This is also the time to figure out what you really need from your van. Long-term van life means that you should probably choose a van with more features—like a kitchenette or small bathroom space. If you’re only hitting the road for a few months, you may be able to choose a more basic van model (to rent or buy).

Be sure to look at sleeping areas. Is there enough space for everyone? What about storage? A van will feature limited storage areas, but there should be enough space for your basic necessities.

Make a List…and Check it Twice!

Pack only what you need. You cannot cram the van with too much, so embracing minimalism may be the best option. Create a packing list like you would for any vacation. Except when you live the van life you’ll need to expand that list to any cooking, cleaning and bathroom amenities needed for daily use.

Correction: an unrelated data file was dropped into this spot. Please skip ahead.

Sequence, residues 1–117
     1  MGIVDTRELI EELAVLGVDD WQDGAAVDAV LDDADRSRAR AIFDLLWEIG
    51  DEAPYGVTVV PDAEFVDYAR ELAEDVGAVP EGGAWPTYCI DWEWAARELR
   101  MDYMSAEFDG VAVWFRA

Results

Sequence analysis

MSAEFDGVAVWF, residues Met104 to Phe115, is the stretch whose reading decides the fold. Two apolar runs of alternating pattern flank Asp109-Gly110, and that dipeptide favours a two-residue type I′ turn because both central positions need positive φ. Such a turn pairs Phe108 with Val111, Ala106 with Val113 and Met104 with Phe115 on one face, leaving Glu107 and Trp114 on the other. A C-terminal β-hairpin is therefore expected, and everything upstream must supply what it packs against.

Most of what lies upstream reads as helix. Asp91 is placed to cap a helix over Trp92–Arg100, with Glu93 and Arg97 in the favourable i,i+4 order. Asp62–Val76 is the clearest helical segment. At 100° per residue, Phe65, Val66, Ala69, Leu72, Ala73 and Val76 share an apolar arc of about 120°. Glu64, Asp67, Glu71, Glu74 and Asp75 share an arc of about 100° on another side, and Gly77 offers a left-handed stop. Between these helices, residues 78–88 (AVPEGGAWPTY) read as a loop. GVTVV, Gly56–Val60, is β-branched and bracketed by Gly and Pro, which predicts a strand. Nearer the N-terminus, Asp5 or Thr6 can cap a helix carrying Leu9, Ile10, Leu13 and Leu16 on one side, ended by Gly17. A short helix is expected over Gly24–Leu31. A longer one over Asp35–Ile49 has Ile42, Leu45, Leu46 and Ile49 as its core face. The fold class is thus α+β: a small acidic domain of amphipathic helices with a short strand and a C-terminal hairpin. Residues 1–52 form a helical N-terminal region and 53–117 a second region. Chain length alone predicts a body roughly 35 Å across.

Don’t forget:

  • Sunscreen
  • Bug spray
  • A fire extinguisher (or two)
  • Tools
  • A first aid kit

Download Gas Apps

One of the best tips offered by the site Wanderlust is to map out gas stops. An easy way to do this is to download gas apps that tell you the nearest station.  These apps can sometimes help you find the cheapest gas, too.

Depending on where you’re traveling, gas can be extremely expensive (as noted by Wanderlust!). Pricing out and mapping your stops can ensure that you don’t run dry or spend too much on that fill-up.

A family enjoys a picnic on a blanket outside their van.

Plan a Menu

If your van has a kitchenette that allows you to prepare meals on the road, consider planning a weekly menu to streamline the food budget. Eating out at restaurants, gas stations and truck stops can get extremely cost prohibitive.